I have a hard time respecting anyone who believes that science or technology is neutral. Unfortunately, even when people consciously know that they are not, they give credence to the biased outputs without questioning the underlying assumptions. This is why i’m an academic – nothing gives me greater joy than to think about what biases go into the creation of a particular system.
After reminding folks at Blogher that there are gender differences in networking habits, i decided to do some investigation into the network structures of blogs. Kevin Marks of Technorati kindly gave me a random sample of 500 blogs to play with. I began coding them based on gender (which is surprisingly easy to do given the amount of personal information people put about themselves) and looking for patterns in links and blogrolls.
I decided to do the same for non-group blogs in the Technorati Top 100. I hadn’t looked at the Top 100 in a while and was floored to realize that most of those blogs are group blogs and/or professional blogs (with “editors” and clear financial backing). Most are covered in advertisements and other things meant to make them money. It’s very clear that their creators have worked hard to reach many eyes (for fame, power or money?).
Here are some of the patterns that i saw*:
- All MSNSpaces users have a list of “Updated Spaces” that looks like a blogroll. It’s not. It’s a random list of 10 blogs on MSNSpaces that have been recently updated. As a result, without special code (like in Technorati), search engines get to see MSNSpace bloggers as connecting to lots of other blogs. This would create the impression of high network density between MSNSpaces which is inaccurate.
- Few LiveJournals have a blogroll but almost all have a list of friends one click away. This is not considered by search tools that look only at the front page.
- Bloggers who use hosting services tend to link to only others on the same hosting service (from the blogrolls on Xanga and Rakuten to the friend links on LJ). The blogroll structure on these is often set up to only accept lists of blogs from that service.
- Blogrolls seem to be very common on politically-oriented blogs and always connect to blogs with similar political views (or to mainstream media).
- Blogrolls by group blogging companies (like Weblogs, Inc.) always link to other blogs in the domain, using collective link power to help all.
- A fraction of the Top 100 have blogrolls of blogs. Some have blogrolls that are a link away (like Crooked Timber). Quite a few use that space to advertise or link to mainstream media or companies.
- Male bloggers who write about technology (particularly social software) seem to be the most likely to keep blogrolls. Their blogrolls tend be be dominantly male, even when few of the blogs they link to are about technology. I haven’t found one with >25% female bloggers (and most seem to be closer to 10%).
- On LJ (even though it doesn’t count) and Xanga, there’s a gender division in blogrolls whereby female bloggers have mostly female “friends” and vice versa.
- I was also fascinated that most of the mommy bloggers that i met at Blogher link to Dooce (in Top 100) but Dooce links to no one. This seems to be true of a lot of topical sites – there’s a consensus on who is in the “top” and everyone links to them but they link to no one.
- I also get the impression that blogrolls are not frequently updated (although i have to imagine that the blogs one reads are). I wonder how static blogrolls are.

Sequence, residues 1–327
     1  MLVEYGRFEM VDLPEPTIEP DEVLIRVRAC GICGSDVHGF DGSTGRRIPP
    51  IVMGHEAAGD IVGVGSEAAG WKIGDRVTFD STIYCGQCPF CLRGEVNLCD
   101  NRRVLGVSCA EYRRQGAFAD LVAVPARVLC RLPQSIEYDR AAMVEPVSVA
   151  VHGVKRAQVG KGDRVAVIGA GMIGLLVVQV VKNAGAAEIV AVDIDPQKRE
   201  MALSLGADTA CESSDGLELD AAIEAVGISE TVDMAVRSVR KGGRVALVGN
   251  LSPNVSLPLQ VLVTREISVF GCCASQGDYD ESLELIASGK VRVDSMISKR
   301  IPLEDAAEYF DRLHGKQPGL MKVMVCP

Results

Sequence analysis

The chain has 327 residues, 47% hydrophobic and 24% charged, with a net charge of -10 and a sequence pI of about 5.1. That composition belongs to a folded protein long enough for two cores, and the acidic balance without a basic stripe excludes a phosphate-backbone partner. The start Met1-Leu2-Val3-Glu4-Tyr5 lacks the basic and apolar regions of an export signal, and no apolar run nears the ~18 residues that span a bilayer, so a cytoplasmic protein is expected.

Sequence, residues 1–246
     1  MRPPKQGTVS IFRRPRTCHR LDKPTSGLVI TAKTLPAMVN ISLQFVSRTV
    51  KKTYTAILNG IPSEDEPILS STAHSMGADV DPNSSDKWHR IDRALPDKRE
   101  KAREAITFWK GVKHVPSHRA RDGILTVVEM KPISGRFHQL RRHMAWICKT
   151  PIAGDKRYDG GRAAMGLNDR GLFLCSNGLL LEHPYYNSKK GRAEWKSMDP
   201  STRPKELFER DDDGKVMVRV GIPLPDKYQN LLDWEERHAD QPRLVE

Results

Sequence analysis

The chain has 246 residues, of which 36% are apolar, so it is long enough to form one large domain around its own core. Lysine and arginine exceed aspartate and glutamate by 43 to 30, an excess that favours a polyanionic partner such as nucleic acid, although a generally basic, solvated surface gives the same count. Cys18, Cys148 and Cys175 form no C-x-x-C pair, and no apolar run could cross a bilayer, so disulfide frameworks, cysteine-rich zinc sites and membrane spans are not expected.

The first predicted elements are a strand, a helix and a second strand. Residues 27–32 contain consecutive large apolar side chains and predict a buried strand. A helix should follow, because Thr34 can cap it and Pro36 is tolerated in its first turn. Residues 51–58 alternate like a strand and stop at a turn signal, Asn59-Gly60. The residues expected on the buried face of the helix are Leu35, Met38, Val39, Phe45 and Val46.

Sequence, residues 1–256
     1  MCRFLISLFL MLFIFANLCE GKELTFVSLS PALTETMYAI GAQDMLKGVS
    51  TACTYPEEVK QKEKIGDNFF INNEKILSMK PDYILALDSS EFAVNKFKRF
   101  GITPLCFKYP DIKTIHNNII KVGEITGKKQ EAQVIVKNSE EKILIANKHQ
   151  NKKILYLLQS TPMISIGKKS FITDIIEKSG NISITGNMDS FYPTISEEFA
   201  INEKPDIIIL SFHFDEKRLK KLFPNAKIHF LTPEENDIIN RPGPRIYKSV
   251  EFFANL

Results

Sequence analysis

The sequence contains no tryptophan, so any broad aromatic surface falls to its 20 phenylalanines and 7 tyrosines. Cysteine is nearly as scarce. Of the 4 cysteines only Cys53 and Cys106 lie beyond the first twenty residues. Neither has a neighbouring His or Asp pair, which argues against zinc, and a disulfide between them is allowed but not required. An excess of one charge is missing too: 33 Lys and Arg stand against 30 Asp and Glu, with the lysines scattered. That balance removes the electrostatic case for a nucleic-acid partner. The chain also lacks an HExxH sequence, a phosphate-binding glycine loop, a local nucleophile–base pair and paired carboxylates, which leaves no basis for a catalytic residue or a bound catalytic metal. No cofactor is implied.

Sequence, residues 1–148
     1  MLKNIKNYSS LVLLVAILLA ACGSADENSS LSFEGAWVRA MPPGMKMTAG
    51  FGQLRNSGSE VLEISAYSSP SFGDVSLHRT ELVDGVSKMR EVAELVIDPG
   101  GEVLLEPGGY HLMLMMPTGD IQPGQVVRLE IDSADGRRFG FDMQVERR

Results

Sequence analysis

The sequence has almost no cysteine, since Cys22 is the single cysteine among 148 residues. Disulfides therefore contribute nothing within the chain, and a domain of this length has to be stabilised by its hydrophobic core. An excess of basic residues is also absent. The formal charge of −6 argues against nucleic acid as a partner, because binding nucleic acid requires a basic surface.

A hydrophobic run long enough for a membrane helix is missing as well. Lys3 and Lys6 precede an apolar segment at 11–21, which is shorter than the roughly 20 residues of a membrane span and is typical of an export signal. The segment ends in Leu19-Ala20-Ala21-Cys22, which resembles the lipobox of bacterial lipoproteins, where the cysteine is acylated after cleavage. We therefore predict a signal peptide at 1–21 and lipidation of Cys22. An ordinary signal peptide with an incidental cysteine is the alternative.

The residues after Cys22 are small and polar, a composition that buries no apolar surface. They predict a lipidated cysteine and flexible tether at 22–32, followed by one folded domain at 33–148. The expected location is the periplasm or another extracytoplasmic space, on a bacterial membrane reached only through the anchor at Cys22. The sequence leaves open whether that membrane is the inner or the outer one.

- The Top 100 tend to link to mainstream media, companies or websites (like Wikipedia, IMDB) more than to other blogs (Boing Boing is an exception).
- Blogs on blogging services rarely link to blogs in the posts (even when they are talking about other friends who are in their blogroll or friends’ list). It looks like there’s a gender split in tool use; Mena said that LJ is like 75% female, while Typepad and Moveable Type have far fewer women.
- Bloggers often talk about other people without linking to their blog (as though the audience would know the blog based on the person). For example, a blogger might talk about Halley Suitt’s presence or comments at Blogher but never link to her. This is much rarer in the Top 100 who tend to link to people when they reference them.
- Content type is correlated with link structure (personal blogs contain few links, politics blogs contain lots of links). There’s a gender split in content type.
- When bloggers link to another blog, it is more likely to be same gender.
I began this investigation curious about gender differences. There are a few things that we know in social networks. First, our social networks are frequently split by gender (from childhood on). Second, men tend to have large numbers of weak ties and women tend to have fewer, but stronger ties. This means that in traditional social networks, men tend to know far more people but not nearly as intimately as those women know. (This is a huge advantage for men in professional spheres but tends to wreak havoc when social support becomes more necessary and is often attributed to depression later in life.)
While blog linking tends to be gender-dependent, the number of links seems to be primarily correlated with content type and service. Of course, since content type and service are correlated by gender, gender is likely a secondary effect.
Interestingly, there are distinct clusters of norms wrt linking in blogging, not a coherent and consistent one. The search engines (and the Technorati 100 and PubSub’s Daily 100 Top Links) are validating one of those clusters, regardless of whether or not that is what searchers are looking for. The Top 100 is a list of blogs who either fit into those norms or have adopted those norms in their patterns (most commonly the companies).